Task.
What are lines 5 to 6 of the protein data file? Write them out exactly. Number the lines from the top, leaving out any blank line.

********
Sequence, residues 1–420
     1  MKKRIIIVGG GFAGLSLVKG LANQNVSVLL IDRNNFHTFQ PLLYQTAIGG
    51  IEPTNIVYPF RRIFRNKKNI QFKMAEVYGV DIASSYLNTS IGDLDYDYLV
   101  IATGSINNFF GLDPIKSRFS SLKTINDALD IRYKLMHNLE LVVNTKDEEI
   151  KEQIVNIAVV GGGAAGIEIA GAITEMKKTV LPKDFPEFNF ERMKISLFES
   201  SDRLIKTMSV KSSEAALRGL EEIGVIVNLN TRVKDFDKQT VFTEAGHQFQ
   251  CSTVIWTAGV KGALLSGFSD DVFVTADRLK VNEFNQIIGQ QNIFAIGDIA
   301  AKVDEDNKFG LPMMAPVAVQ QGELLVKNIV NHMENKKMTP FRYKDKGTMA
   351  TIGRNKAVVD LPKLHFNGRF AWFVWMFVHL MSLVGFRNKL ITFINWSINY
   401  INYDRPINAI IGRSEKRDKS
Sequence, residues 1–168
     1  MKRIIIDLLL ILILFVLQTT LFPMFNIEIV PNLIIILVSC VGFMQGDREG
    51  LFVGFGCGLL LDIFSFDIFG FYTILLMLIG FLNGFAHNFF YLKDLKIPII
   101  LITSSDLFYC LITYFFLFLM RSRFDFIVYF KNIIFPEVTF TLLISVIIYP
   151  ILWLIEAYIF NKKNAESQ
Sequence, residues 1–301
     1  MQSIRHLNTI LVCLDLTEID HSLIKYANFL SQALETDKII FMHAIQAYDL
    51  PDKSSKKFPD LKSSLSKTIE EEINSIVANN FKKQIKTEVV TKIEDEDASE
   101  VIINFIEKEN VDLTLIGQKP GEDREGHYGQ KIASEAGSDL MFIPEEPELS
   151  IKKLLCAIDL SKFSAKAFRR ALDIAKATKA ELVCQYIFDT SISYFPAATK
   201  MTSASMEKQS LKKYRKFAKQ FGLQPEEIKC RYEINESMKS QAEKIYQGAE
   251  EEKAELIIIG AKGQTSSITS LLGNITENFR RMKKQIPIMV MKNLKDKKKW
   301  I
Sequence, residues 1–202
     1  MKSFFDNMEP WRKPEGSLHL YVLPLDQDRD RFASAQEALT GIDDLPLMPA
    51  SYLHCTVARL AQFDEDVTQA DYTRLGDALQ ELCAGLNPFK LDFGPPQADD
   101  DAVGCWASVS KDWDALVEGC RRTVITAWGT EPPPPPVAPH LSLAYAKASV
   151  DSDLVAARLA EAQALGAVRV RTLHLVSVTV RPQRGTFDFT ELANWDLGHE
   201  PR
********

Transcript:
   151  KEQIVNIAVV GGGAAGIEIA GAITEMKKTV LPKDFPEFNF ERMKISLFES
   201  SDRLIKTMSV KSSEAALRGL EEIGVIVNLN TRVKDFDKQT VFTEAGHQFQ